What You’ll Find In Balance: How to Spend for Happiness, Health and Wealth
In no particular order, here were some of my personal highlights.
- How often do you really need to upgrade all your expensive material goods? Will the new car or RV really allow you to enjoy experiences more?
- Spending more doesn’t actually make you more attractive! (Andrew has some interesting research here, but anecdotally, I feel compelled to point out that while spending more might not make you more dateable, exercising like Andrew might.)
- Saying no to high-paying jobs that could weaken the non-financial legs of your stool might be a great idea.
- Does commuting destroy your body and soul?
- Giving money to people might bring more joy than you first think. I’m thinking that for Christmas next year we’ll get together as a family and look at donating to the Kiva charity that Andrew recommends. Very cool idea.
- Some interesting reflections on gratitude. I’ve read about putting gratitude front and center from other wise authors over the last couple of years and started to implement it more. Still work to do… so thank you Andrew, I am grateful for the reminder!
- How much should parents pay for their child’s post-secondary schooling? How should parents discuss money with their children? Included is a really cool personal story about Andrew and his mom sitting down to discuss his father’s mechanic wage when he was young.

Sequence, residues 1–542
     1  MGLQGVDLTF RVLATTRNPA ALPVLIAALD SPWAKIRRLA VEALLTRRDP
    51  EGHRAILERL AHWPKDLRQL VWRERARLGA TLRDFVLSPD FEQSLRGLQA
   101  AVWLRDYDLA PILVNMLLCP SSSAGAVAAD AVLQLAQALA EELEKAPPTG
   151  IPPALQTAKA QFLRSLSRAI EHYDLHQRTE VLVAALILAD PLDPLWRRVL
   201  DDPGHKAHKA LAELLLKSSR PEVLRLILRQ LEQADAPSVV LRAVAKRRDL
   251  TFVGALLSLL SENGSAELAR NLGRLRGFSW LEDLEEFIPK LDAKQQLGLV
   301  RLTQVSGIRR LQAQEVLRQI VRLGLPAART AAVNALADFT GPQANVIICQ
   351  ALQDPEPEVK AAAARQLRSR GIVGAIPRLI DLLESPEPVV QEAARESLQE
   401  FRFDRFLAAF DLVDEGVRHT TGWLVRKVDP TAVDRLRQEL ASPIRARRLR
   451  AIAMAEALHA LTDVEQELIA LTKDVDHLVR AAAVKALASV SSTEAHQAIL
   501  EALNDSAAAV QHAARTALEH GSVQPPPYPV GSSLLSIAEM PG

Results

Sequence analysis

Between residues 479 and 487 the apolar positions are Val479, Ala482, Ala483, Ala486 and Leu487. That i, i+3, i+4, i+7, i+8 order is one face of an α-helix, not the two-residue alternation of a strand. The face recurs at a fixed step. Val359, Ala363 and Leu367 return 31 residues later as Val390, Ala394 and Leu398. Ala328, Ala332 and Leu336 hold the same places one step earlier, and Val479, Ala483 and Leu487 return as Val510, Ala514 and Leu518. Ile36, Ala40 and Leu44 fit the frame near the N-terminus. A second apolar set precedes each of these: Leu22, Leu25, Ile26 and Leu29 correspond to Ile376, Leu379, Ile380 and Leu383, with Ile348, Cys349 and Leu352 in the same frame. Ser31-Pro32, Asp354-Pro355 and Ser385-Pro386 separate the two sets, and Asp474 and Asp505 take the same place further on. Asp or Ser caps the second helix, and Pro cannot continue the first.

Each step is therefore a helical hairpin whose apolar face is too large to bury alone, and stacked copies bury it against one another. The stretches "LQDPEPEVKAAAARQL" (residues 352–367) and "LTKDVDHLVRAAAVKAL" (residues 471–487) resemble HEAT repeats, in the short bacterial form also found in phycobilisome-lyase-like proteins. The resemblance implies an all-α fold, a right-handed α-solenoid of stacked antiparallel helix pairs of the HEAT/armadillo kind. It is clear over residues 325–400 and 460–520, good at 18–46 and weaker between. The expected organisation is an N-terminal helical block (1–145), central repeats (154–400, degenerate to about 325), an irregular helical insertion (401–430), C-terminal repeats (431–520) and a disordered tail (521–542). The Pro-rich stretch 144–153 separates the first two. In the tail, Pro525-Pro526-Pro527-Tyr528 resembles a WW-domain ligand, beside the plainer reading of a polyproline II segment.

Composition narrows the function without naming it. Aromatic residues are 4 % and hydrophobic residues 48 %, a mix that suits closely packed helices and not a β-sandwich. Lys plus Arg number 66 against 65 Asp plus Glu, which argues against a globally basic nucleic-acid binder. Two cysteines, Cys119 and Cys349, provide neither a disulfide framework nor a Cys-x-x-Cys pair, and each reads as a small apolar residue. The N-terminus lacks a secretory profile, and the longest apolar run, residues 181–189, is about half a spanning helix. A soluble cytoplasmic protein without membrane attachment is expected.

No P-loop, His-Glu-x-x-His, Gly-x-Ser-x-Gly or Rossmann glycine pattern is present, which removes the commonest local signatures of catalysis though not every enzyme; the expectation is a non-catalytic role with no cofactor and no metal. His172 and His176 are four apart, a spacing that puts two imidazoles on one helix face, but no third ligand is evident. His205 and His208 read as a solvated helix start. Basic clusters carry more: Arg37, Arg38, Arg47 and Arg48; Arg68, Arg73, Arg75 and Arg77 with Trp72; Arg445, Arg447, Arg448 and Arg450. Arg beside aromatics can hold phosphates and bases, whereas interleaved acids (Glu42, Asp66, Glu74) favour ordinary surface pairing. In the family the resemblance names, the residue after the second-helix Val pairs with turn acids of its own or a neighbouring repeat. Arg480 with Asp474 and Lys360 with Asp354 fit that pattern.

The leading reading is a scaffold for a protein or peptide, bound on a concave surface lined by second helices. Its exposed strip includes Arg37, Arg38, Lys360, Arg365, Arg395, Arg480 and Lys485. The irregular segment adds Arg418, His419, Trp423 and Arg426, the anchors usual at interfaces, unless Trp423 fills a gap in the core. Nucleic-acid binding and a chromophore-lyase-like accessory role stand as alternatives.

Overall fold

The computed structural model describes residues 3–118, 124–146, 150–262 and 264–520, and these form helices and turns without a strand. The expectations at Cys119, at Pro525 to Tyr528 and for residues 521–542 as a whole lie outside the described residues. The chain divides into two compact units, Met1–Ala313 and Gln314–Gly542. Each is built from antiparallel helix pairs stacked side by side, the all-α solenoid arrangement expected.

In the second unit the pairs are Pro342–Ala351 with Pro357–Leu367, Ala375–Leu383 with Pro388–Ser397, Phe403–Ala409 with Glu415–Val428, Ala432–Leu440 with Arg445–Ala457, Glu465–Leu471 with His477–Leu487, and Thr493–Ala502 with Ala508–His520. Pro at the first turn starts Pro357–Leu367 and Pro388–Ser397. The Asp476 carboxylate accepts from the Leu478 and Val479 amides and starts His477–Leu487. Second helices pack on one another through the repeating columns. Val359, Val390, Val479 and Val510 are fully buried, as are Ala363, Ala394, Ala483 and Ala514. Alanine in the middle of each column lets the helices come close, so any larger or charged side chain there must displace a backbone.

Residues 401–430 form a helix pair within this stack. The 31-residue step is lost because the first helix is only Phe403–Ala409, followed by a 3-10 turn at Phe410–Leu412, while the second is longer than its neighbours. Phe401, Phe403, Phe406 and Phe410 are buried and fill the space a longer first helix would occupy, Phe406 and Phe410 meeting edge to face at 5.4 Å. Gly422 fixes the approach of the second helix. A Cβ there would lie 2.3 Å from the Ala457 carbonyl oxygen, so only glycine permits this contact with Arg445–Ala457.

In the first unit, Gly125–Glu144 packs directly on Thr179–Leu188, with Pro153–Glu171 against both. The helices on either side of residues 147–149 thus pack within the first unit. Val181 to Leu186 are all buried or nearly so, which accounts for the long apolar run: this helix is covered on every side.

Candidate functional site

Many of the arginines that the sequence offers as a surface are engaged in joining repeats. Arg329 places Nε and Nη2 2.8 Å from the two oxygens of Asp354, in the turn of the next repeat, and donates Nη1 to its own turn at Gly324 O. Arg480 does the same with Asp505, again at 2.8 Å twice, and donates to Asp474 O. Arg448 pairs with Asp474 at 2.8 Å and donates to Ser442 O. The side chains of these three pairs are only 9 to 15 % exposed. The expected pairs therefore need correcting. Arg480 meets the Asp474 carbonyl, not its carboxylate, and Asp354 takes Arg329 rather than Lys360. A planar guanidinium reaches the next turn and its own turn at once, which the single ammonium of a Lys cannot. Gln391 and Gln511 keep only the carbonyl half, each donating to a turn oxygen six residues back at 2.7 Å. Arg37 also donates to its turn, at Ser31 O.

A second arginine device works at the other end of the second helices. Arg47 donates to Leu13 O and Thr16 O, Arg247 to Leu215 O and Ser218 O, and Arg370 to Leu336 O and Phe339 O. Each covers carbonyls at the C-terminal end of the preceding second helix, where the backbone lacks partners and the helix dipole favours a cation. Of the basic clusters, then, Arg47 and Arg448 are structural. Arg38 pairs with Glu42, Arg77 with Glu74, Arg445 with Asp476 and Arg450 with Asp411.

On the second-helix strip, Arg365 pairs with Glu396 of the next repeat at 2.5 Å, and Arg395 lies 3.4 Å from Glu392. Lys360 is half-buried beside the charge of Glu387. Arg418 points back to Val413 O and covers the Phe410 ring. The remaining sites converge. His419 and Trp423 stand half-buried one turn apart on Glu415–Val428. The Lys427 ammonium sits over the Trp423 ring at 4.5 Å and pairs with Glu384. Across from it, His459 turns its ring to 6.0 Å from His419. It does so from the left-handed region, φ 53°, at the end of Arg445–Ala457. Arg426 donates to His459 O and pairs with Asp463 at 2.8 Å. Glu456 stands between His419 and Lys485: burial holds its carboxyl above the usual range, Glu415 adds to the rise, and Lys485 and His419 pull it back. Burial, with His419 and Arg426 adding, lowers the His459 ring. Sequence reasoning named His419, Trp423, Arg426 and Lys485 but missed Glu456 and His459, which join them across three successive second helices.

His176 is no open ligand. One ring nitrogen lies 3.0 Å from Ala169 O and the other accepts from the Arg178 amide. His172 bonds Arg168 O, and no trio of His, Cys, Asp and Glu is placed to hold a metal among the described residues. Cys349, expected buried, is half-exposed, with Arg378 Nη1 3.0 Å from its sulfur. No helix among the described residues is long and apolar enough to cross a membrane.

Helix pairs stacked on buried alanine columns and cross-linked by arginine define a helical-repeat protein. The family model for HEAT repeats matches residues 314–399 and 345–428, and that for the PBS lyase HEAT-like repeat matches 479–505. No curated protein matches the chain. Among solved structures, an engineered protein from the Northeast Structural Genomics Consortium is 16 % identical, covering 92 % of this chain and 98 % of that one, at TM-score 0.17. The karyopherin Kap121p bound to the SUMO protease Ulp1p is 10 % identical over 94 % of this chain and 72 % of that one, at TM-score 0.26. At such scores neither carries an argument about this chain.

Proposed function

- If it’s a Hallam book, you have to replay the passive investing greatest hits. I have blatantly stolen his Upton Sinclair quote, “It is difficult to get a man to understand something when his salary depends upon his not understanding it,” several times.
- One update to the Millionaire Teacher-style of building an index portfolio is the new comparison between a DIY ETF Portfolio, an all-in-one ETF, and using a robo advisor. It’s similar to the continuum that we explain in our article on Canada’s best all in one ETFs.
- An interesting discussion of socially responsible funds and what sustainability means in 2022.
- Notes on alternative ways to live an international life that include ideas like geoarbitrage and/or house sitting.
Interestingly there is very little insight on how to get rich quick using crypto currencies or NFTs.
I suppose Mr. Hallam must be leaving those for his next book… Unbalanced: Speculative FOMO.
Where To Find The Book Balance
Alternatively, head to AndrewHallam.com to find out more about the book and view the first chapter for free.
Finally, you can check out my recent interview with Andrew below.